On October 8, 2020, Securities and Exchange Commission’s Chairman Clayton along with Dalia Blass, Director, Division of Investment Management and Brett Redfearn, Director of Division of Trading and Markets released a Joint Statement Regarding New FAQs for Form CRS. The Joint Statement focused on the disciplinary history section of Form CRS, which became effective earlier this year. On the same day as the Joint Statement was issued, the staff of the Division of Investment Management and the Division of Trading and Markets amended its Frequently Asked Questions on Form CRS by adding four new questions and answers.
The most newsworthy guidance under the amended FAQs effectively states that investment advisers and broker-dealers should not include additional information to explain their disciplinary history in Item 4. The precise language of the FAQ states:
Q: If we answer “Yes” in Item 4, may we include additional information in our relationship summary to explain the disciplinary history?
A: No. Item 4 requires a “Yes” or “No” response, along with the required reference to Investor.gov/CRS (Item 4.D.(i)) and the required conversation starter (Item 4.D.(ii)). Item 4 – and the conversation starter in particular – is designed to encourage a discussion regarding the nature, scope, or severity of any disciplinary history, including any differences between the firm’s disciplinary history and the financial professional’s disciplinary history, if applicable. Form CRS does not preclude firms or their financial professionals from providing separately copies of additional regulatory disclosures (e.g., Form ADV Part 2B brochure supplements or a print-out of the IAPD or BrokerCheck “Disclosures” section for the particular firm or financial professional). (Posted October 8, 2020)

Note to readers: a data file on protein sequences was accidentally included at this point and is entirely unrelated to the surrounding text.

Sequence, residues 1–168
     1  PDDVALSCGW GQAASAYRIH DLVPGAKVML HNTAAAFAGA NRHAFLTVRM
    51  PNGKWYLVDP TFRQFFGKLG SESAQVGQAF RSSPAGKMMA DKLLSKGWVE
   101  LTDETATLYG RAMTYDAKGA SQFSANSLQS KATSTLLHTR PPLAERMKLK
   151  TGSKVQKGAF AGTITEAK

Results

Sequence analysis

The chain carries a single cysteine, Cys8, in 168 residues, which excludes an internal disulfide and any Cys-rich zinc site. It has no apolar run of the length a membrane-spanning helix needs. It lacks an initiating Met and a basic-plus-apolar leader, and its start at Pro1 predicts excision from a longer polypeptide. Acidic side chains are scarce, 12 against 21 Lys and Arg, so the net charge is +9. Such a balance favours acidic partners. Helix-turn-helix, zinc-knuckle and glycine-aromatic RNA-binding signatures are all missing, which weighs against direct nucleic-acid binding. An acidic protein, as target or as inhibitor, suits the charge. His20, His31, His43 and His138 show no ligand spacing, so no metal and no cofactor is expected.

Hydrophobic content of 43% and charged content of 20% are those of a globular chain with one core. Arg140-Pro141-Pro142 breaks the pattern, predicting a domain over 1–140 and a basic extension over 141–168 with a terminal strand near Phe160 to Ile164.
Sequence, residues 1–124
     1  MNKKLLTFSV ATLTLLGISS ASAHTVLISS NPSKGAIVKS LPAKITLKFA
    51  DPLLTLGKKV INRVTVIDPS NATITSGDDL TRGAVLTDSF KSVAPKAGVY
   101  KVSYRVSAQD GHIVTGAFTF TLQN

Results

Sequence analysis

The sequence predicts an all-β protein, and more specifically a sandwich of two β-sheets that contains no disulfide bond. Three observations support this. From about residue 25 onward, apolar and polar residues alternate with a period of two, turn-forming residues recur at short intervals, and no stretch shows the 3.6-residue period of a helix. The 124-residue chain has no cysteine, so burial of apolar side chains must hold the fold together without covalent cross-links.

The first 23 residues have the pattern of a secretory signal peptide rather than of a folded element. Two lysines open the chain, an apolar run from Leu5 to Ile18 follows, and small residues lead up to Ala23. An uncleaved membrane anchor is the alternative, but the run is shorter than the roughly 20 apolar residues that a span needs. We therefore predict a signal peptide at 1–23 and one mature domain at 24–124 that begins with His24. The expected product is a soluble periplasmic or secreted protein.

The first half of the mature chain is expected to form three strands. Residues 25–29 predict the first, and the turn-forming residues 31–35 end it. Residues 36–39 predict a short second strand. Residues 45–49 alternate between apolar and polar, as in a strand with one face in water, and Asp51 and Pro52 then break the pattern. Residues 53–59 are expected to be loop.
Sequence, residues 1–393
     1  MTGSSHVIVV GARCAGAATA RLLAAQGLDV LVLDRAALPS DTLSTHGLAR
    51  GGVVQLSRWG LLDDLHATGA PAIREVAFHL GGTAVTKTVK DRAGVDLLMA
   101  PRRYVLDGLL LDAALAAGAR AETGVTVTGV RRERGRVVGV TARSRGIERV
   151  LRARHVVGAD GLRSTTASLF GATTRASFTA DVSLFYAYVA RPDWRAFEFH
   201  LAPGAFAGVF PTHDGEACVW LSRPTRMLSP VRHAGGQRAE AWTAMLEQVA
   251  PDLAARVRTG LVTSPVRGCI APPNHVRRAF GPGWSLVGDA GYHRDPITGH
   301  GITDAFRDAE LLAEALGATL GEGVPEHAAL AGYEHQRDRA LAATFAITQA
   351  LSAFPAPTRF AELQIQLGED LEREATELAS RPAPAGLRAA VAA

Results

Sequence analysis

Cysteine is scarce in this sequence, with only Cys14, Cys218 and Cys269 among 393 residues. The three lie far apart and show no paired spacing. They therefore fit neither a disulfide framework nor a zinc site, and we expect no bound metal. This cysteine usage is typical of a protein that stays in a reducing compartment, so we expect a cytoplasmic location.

This runs counter to what many lawyers and compliance professionals assumed (including myself).
Now is a good time to take a look at your firm’s Form CRS and amend, as applicable. The question remains whether this would be a material change requiring notification to investors, but I would posit that it is not.
On the other hand, it is important to note that the Joint Statement and the FAQs have no legal force or effect, do not alter or amend applicable law, create no new or additional obligations for any person, and have not been approved (or disapproved) by the Commission. A firm may determine to make a business decision to provide additional content in response to Item 4, but they should do so knowing all of the relevant guidance.